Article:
P057 HLA B27 transgenic rat: a new animal model of postsurgical ileitis in inflammatory bowel disease
A. Chau*1, C. Chater1, S. Speca2, M. Djouina2, C. Dubuquoy2, L. Dubuquoy2, C. Neut3, D. Koriche1, P. Zerbib1, F.R. Pruvot1, P. Desreumaux4, B. Pariente4
1Lille University North of France, INSERM U995, Department of Digestive Surgery and Transplantation, CHRU Lille, Lille, France, 2Lille University North of France, INSERM U995, CHRU Lille, Lille, France, 3Lille University North of France, INSERM U995, Department of Microbiology, Faculty of Pharmacy, Lille, France, 4Hepato-Gastroenterology Department, Claude Huriez Hospital, University of Lille 2, Inserm Unit 995, University of Lille 2, Lille, France
Ileal recurrence of Crohn’s disease (CD) after ileocaecal resection (ICR) concerns the vast majority of the patients within the years after surgery. Mechanisms and predictive factors of recurrence remain unclear. The aim of the present study was to develop a reproducible animal model of ileal recurrence of postoperative CD in HLA B27 rats.
Seventy-two rats (28 male; 44 female) were enrolled, including 34 transgenic HLAB27 (Tg) rats and 38 non-transgenic wild-type (nTg) rats. At 12 week, 29 rats (14 Tg, 15 nTg) underwent ICR with ileo-colonic anastomosis compared with 19 rats (8 Tg, 11 nTg) who underwent a section-anastomosis of the small intestine (SAS) and 24 rats (12 Tg, 12 nTg) who underwent an open surgery without intestinal resection (OS). Rats were monitored daily clinically and were sacrificed 6 weeks after surgery (at 18 weeks). At the sacrifice in rats with ICR, ileal recurrence was double-blind assessed macroscopically by a small intestine score (0–4) by 2 independent investigators. Histological analysis (Ameho score 0 to 6) and mucosal cytokine production assessed by quantitative real-time polymerase chain reaction (PCR) were also performed at the sacrifice. Finally, influence of the intestinal microbiota in ileal recurrence was evaluated.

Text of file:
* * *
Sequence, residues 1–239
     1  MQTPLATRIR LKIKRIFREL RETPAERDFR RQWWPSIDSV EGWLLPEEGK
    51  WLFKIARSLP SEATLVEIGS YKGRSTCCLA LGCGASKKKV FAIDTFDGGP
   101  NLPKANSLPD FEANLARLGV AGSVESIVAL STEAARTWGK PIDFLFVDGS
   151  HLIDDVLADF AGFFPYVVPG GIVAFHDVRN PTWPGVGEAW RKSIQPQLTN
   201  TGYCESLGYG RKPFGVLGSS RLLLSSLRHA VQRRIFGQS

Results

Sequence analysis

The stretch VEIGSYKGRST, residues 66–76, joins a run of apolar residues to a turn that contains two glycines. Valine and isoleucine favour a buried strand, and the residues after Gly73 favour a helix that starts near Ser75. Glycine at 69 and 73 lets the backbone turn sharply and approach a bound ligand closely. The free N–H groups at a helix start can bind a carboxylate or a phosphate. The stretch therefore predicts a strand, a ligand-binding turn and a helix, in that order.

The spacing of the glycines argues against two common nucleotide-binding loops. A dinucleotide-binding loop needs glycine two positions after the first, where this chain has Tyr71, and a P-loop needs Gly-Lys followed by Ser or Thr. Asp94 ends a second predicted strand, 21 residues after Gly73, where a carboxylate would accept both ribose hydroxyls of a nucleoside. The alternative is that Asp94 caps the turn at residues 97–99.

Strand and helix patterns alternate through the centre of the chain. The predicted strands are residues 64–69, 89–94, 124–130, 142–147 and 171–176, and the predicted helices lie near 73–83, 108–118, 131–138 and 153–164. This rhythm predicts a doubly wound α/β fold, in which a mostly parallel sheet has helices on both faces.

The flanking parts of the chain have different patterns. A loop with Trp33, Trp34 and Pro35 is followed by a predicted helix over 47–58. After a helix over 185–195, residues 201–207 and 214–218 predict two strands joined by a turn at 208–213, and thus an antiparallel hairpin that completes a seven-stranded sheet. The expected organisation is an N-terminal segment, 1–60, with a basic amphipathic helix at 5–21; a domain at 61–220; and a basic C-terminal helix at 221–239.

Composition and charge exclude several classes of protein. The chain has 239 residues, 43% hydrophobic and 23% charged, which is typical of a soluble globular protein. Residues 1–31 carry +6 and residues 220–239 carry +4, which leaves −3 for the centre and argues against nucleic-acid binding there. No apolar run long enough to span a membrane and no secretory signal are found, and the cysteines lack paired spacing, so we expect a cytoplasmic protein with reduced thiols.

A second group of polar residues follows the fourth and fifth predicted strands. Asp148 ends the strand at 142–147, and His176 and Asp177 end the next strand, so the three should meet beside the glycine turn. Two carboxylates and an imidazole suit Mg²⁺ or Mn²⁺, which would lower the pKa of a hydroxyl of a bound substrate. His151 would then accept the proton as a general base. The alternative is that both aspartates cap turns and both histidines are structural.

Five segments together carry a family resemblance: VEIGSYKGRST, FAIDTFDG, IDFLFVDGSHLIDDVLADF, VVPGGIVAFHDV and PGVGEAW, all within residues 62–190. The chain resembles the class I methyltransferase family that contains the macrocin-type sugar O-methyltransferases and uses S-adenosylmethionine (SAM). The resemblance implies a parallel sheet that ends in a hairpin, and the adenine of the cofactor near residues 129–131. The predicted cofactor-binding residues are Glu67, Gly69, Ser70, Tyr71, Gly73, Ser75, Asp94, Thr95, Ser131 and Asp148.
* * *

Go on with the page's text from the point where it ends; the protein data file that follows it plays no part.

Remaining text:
After ICR a macroscopic ileal recurrence was observed in 100% (14/14) of Tg rats, compared with 0% (0/15) of nTg rats (p < 0.0001). This recurrence was characterised by hyperemia of the ileal mucosa in 100% (14/14) and by ulcerations in more than 80% (12/14) of Tg animals (n = 12/14). Macroscopically, the score of the small intestine was 3 to 4 in Tg rats with ICR. No significant ileal lesion was observed in Tg and nTg rats who underwent SAS (n = 19) and OS (n = 24), with a macroscopic score of the small intestine less than to 2 (p <0.05). In rats with IRC, histological Ameho score was significantly higher in Tg rats (score of 4 to 6) compared with nTg rats (score 1 to 2, p <0.05). Messenger RNAs expressions of TNF, IL17, and IL1β above anastomotic ileum were also significantly higher in Tg rats (p < 0.05). Clostridium difficile and Clostridium perfringens were identified only in the intestinal microbiota of Tg rats and were correlated with macroscopic and histological lesion.
ICR in genetically predisposed HLA B27 rats is associated in 100% of cases with a macroscopic, histologic, and molecular recurrence in the terminal ileum 6 weeks after surgery. This recurrence is associated with the presence of Clostridium difficile and Clostridium perfringens. This new animal model shares strong physiopathologic similarities with postoperative recurrence in CD patients. It permits us to understand better the mechanisms involved in CD development, and develop new therapeutic strategies.